We've found that the way to remedy sleep problems is actually changing babies' behavior, so I guess it comes down to babies' sleep habits that are usually the problems with it.  Often babies learn to sleep using external cues like their parents, so they're used to be rocked to sleep by dad or fed by mum or driven round the block by somebody.  So when they wake up in the middle of the night - because we cycle through sleep, so we wake up and we come into consciousness during the night - when they wake up and they're in a different situation than the one they went to sleep in, they're very surprised and they want to get back into the context they're used to, so they'll cry out.  It's like if you or I wake up and our pillow's missing; we need that pillow to get back to sleep.  So babies need that.  By changing their habits and getting them to settle by themselves you can hopefully fix or remedy those problems.

SHANE HUNTINGTON
Anna, is there a link between levels of maternal depression and these sleeping sort of difficulties of children in this age group?

ANNA PRICE
Yes, there's a very strong association between the two.  In fact, sleep problems double the risk of maternal postnatal depression in the first year of life.  So in Australia our general prevalence rate, and worldwide, is around 15 per cent.  In the study that I referred to earlier - the one that was conducted in Melbourne - we found that mothers with sleep problems have a doubling of depression symptoms.

SHANE HUNTINGTON
Anna, let's talk now about intervention.  This is obviously an area where you've worked in great detail.

ANNA PRICE
Yes.

SHANE HUNTINGTON
There are obviously programs around now that address the sleeping problems in infants.  Can you run us through the type of intervention that a parent would go into in order to address a child that is not sleeping - or not getting themselves back to sleep, I guess, is the biggest issue.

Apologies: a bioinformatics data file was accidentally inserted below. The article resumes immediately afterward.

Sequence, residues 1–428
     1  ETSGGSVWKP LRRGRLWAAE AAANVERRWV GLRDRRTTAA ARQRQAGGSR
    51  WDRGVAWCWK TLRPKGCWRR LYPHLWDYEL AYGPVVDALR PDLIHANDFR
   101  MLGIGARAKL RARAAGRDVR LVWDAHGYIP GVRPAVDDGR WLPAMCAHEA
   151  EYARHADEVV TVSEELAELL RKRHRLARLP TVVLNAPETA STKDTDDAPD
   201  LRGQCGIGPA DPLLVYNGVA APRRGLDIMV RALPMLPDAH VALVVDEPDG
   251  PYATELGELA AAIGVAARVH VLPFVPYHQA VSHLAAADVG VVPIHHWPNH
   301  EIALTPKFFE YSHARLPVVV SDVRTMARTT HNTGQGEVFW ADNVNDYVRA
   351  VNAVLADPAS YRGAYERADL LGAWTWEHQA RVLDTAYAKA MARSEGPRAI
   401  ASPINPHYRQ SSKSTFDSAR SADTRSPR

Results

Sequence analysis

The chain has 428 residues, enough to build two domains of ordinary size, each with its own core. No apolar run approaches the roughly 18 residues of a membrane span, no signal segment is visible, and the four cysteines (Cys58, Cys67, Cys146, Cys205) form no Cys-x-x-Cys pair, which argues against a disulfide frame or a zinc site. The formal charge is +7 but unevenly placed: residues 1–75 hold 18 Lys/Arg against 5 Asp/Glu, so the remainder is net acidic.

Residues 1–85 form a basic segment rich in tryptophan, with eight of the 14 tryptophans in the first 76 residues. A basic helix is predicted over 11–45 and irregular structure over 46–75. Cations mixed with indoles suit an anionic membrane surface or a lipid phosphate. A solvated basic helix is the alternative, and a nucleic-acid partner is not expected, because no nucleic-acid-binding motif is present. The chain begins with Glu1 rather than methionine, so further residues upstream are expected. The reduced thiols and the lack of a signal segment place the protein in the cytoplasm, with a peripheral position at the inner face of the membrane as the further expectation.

ANNA PRICE
Yeah, for sure.  The study that we conducted in Melbourne from 2003 to 2005 was actually run through Maternal and Child Health Nurses.  So this is a free universal service that's offered across Australia and it's for parents of new children aged zero to about five or six years.  There are free scheduled visits with a nurse during that time period, straight after birth, very frequently in that first year and then continuing after that.  So, because this is really designed as a community intervention, the study that we ran recruited through nurses and it provided the intervention through nurses.  So, as part of that program or part of that intervention, parents meet with the nurse and they discuss the problems that they're experiencing and the nurse provides information about normal baby sleep for the parent.  Often that in itself is a real help to know how babies cycle through sleep, what to expect from them, when they can sleep through the night, that sort of thing.  They also develop a sleep management plan with the parent and they offer a variety of different techniques, like the one I mentioned earlier where you leave the baby for increasing intervals of time.  So this is called controlled comforting and it's where you pop the baby down to sleep tired but not asleep and you leave them for two minutes, then four minutes, then six minutes, then eight minutes in the hope that they'll learn to settle themselves to sleep.  Another option is camping out.  It takes a little bit longer and involves the parent sitting with the baby in their room and slowly removing their presence from the room; so rather than being outside the room they'd remove their presence.  Otherwise, the nurse will talk to the parent about the routines they have with their baby before sleep, getting into a good routine.  That covers the range.

SHANE HUNTINGTON
You're list to Melbourne University Up Close.  Today we're speaking with Miss Anna Price about infant sleep deprivation.  Anna, these sound like excellent programs.  How successful are they?

ANNA PRICE